2017 Panama Photography Portfolio Gallery
Stunning images showcasing student achievements
Each summer, students on our Panama Photography Adventure walk away with a whole new set of skills to help them capture stunning images, and last summer was no exception. Here are a few of our favorite photographs from the 2017 Panama Photography Adventure sessions and how they exemplify some of the skills our students learn on the program.
This image by student London Keplinger is a beautiful example of how students learn to play with their exposure times and camera shutter speeds. While a quick shutter speed is great for capturing something in action if you want that action to be crisp, a longer exposure time (or slower shutter speed) is what gives the waterfall that soft, dream-like quality. Different exposure times help create a certain mood, so learning about that helps our students learn to tell a story through their photos.
DEPTH OF FIELD
Something that can really help define the interest area of a photo is its depth of field. Charlotte Ferrier captured this image by having a ‘shallow depth of field’, meaning that there is a a small range in the front of the image that is in focus. Having a specific area of focus helps lead the eye to where one wants to draw the viewer’s attention. We could definitely envision someone wanting to use this photo in an advertisement for coffee!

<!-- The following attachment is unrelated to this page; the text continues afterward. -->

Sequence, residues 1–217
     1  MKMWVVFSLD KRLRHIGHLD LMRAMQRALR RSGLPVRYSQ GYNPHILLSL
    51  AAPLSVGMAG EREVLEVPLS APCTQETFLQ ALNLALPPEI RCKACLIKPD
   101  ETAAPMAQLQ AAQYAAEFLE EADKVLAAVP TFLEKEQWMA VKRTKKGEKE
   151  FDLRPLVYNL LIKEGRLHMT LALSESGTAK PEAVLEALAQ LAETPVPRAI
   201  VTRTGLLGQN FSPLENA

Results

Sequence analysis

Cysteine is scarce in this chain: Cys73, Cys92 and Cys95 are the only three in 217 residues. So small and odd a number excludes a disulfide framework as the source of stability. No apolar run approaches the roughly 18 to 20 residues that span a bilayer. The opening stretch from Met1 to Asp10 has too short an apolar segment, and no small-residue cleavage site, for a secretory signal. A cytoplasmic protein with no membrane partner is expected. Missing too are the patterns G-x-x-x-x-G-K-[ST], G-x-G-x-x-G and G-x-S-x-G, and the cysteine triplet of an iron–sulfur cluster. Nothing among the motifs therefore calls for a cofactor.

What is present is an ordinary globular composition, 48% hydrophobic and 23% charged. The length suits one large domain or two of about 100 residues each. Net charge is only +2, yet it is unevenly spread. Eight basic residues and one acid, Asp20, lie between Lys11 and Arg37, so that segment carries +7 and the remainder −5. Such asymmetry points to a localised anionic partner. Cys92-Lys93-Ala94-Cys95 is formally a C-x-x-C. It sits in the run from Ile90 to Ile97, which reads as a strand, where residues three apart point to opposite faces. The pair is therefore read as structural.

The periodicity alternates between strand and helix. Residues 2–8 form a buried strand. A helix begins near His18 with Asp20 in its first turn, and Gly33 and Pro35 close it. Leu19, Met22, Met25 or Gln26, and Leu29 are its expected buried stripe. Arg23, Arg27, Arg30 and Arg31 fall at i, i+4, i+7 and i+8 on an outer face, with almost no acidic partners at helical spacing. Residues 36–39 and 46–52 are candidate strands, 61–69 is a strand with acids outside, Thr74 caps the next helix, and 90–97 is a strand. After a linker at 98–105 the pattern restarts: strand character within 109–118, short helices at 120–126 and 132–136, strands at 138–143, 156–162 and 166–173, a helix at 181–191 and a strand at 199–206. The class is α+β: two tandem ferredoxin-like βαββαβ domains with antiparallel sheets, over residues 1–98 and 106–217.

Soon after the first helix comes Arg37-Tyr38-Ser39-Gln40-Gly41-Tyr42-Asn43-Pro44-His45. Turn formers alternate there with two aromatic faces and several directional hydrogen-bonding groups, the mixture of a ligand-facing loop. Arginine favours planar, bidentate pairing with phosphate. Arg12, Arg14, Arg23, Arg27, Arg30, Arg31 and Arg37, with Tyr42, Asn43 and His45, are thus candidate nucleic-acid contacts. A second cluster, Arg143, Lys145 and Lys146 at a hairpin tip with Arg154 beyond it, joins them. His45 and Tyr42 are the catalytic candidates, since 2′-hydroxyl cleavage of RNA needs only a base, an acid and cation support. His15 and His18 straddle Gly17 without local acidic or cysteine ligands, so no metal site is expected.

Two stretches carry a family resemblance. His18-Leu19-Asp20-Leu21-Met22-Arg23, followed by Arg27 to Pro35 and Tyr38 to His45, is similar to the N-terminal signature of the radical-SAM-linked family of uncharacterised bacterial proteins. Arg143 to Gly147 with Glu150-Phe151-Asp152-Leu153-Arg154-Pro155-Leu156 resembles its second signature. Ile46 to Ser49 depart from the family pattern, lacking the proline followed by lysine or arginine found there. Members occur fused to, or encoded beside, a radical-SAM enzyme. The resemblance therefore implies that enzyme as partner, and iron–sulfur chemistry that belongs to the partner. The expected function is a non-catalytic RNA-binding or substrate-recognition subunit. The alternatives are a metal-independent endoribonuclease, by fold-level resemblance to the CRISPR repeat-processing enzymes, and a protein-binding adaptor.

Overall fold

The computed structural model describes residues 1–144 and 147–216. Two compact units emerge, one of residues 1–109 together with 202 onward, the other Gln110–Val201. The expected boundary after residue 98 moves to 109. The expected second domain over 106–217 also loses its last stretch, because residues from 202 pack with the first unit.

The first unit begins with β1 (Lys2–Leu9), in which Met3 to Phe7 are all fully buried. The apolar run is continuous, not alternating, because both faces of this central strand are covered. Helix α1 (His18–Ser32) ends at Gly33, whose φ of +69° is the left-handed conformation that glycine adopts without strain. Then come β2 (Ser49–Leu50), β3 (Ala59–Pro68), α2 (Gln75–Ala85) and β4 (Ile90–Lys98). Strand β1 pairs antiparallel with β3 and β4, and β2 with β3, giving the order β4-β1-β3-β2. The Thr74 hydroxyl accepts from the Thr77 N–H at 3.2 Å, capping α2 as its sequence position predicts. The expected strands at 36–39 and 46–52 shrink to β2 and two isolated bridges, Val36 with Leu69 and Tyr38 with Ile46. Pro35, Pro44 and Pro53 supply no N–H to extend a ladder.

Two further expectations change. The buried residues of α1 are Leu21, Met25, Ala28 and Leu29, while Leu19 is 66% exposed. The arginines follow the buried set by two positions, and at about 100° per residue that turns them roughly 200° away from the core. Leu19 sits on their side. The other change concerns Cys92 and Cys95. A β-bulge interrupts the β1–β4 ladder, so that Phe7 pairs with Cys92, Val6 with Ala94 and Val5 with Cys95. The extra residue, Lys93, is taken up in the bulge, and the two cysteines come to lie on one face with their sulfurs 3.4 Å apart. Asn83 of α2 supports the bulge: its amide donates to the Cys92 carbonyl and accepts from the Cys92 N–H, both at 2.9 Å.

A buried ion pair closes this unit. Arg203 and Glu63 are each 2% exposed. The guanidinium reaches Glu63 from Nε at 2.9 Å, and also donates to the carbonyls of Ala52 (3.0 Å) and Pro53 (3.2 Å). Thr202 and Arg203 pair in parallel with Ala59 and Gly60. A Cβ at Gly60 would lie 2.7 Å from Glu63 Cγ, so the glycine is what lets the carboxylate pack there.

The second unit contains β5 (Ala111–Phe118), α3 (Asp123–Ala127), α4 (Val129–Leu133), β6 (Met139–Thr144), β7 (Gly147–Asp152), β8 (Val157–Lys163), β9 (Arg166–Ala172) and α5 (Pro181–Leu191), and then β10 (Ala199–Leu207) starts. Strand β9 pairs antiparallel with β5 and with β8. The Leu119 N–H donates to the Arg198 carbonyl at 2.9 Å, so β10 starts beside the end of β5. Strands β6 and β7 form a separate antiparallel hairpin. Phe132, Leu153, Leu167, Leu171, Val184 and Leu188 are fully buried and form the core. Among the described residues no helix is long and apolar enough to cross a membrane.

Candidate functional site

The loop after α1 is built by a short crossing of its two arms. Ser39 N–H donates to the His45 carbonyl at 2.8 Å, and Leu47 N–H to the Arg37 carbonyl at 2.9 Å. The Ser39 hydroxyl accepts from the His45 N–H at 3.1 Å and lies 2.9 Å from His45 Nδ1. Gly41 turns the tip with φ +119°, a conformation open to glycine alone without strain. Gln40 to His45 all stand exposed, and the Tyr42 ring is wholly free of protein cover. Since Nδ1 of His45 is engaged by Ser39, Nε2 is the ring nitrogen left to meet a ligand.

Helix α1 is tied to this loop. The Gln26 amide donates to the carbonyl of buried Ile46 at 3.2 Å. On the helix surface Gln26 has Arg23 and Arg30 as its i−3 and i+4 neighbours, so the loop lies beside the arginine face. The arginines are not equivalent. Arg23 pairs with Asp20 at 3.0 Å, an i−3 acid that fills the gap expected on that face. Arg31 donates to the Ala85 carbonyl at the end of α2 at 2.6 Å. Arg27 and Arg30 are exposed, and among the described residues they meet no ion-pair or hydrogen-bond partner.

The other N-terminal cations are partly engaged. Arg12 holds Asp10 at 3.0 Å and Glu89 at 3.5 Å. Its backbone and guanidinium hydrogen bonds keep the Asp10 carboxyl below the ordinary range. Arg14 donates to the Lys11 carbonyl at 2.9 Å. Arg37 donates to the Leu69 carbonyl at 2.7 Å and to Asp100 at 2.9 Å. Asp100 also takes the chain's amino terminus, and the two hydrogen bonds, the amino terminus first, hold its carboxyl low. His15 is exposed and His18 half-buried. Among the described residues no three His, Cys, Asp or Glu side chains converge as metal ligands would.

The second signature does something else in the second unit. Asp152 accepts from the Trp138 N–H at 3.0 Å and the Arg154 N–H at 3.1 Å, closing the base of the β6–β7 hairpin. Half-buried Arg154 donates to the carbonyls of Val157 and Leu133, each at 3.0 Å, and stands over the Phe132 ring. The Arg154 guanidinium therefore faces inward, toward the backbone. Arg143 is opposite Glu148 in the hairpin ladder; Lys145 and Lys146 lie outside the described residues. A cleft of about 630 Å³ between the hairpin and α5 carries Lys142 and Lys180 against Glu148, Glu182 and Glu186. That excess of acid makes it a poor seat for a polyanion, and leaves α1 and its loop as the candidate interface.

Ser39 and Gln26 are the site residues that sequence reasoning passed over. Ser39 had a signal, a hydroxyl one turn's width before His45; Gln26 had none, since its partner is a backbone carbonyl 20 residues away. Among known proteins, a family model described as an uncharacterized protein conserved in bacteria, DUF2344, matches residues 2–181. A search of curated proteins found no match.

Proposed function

You don’t need Photoshop to pull off some really cool photo effects with your camera or camera phone. This shot by Laura Wiederspahn almost looks like an abstract painting because of the way she rotated her camera or adjusted her lens while taking the shot. The colors become the star of the image, and we could definitely see this blown up huge on an art gallery wall somewhere.
Some photographers tend to get too far away from their subject matter, making getting in a little closer one of our top tips for better photography. This gorgeous shot by Anna Ranges would not have been nearly as compelling had she been a few more feet away. This feels straight out of the pages of National Geographic!
Instead of shooting straight ahead, students learn to create drama in their photos by using interesting angles to induce different emotions. By getting underneath the subject matter in this case, the Bronwen O’Connor gave the photo more of an ‘epic’ feel than it would have had she shot directly from a distance. The would be perfect for a rock climbing feature in Outside Magazine!
If you’re interested in learning more about photography and how to take better photos, join us on our Panama Photography Adventure or Iceland Advanced Photography program this summer. Here are a few of our favorite photographs from the 2017 Panama Photography Adventure sessions and how they exemplify some of the skills our students learn on the program. Here are a few of our favorite photographs from the 2017 Panama Photography Adventure sessions and how they exemplify some of the skills our students learn on the program.